Doctor Who episode 624: The Twin Dilemma – Part Two (23/3/1984)
‘If it’s a question of his life or mine…’ Better than the previous episode because the bad bits are just bad rather than horrible. The Doctor is still behaving like an idiot – for example, hiding behind Peri when he’s threatened by a Jacondan – but this is largely played for (and works as) comedy. There’s nothing grisly like the assault in Part One. He’s starting to settle as a character who does everything at the extreme – extreme enthusiasm and excitement at the prospect of exploring somewhere new; delight at re-meeting Azmael and reminiscing about their drunken exploits. Baker does well with all of this, but he’s basically been asked to play a very annoying person. The contrast with the insouciant fifth Doctor is deliberate and extends to every part of the new Doctor’s look and personality. The common thread between them is a certain brusqueness towards their companions.
The plot is straightforward, which is fine: this is more about giving Colin Baker lots of things to do rather than telling a complicated story – perhaps a lesson learned from Castrovalva, which went to the other extreme of keeping Davison largely out of the action and focusing on the science of recursive occlusions and hydrogen inrushes and ended up giving the audience too little chance to get to know the new lead. Baker gets to do his Sherlock Holmes deduction scene, working out that Hugo is on the trail of kidnapped children. This also looks better than the previous episode, particularly the scene of the Doctor and Peri sneaking through the dark corridors of the safe house: lit through grilles, they positively glow with colour against the blackness.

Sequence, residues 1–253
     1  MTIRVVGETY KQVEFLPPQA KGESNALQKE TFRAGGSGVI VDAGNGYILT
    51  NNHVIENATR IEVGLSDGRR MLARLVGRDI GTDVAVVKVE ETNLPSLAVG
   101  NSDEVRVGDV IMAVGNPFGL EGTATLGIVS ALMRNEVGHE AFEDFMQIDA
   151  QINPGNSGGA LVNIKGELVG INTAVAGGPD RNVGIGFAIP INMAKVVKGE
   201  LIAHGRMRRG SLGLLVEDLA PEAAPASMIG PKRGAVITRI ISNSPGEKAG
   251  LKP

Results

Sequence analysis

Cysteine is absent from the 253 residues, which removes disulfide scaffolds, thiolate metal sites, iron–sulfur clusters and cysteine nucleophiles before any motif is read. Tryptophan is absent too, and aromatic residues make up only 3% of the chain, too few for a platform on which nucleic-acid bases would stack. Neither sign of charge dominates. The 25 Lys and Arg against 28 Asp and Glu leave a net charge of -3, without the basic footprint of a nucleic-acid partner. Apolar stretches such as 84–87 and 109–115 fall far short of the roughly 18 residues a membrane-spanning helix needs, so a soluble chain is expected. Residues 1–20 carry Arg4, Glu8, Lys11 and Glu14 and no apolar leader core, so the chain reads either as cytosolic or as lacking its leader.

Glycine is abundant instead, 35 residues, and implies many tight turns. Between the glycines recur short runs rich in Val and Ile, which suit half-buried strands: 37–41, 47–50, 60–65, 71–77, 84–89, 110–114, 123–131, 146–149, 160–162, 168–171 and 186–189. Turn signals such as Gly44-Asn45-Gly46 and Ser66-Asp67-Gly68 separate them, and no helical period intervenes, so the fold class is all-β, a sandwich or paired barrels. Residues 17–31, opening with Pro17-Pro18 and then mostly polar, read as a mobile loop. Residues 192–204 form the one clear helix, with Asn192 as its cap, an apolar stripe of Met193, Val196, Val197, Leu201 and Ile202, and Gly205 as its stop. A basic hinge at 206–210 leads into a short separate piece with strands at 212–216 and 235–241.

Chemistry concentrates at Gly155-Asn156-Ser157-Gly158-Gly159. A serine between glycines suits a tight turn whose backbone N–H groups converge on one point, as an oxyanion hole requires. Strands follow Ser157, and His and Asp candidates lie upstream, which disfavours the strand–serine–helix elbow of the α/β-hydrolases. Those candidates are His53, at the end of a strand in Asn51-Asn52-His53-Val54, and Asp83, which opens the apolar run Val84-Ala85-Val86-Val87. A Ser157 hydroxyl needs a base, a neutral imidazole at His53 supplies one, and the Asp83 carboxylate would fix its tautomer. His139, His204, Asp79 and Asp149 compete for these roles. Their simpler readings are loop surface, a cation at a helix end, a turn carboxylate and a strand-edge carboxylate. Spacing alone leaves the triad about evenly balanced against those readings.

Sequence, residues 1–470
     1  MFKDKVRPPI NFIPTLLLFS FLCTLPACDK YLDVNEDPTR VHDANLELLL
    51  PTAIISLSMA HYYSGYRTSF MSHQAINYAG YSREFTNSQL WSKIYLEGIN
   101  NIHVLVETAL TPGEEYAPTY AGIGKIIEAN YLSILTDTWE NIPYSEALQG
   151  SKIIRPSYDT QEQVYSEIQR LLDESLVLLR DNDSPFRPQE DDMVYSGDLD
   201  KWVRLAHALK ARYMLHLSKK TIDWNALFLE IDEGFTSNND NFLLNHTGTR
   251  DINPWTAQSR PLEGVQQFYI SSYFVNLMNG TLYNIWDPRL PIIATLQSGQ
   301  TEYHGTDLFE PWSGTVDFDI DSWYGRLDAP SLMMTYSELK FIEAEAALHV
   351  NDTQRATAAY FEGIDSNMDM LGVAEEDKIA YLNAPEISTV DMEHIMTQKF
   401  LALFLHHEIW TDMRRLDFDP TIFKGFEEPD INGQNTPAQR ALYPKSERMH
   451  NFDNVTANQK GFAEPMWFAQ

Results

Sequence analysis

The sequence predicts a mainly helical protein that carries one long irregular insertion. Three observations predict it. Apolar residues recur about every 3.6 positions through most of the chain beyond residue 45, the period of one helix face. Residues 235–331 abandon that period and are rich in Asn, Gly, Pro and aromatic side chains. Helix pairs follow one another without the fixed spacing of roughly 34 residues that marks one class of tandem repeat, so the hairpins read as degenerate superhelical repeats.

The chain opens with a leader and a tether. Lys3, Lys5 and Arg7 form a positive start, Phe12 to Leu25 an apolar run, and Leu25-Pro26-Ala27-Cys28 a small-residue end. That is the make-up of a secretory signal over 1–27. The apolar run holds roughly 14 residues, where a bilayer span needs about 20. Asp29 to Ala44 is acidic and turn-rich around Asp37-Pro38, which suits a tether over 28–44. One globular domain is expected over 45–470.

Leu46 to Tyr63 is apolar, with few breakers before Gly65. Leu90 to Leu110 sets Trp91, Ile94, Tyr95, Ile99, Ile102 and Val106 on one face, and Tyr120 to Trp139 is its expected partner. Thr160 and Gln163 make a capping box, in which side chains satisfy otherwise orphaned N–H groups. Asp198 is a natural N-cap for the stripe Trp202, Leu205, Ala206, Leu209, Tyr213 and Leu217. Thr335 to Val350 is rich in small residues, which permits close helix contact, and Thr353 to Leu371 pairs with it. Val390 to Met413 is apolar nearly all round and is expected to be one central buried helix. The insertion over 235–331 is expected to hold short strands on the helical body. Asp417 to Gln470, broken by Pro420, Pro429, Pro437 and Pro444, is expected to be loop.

The bad bits are the script and the costumes. The dialogue is almost entirely awful: the Doctor’s bizarre ramble about ‘the life force itself is in danger of extinction’, rubbishy science (‘this is passive power for transportation’ – what?) and dull wordplay. The Doctor’s costume suddenly looks subtle when Hugo wanders in dressed in a tinsel kimono. Colin is working hard. Maurice Denham is veteran enough to retain his dignity, and some of the less convincing performers from last time get a day off here. This is pretty rubbish, but at least it’s not offensive rubbish.
Next episode: The Twin Dilemma – Part Three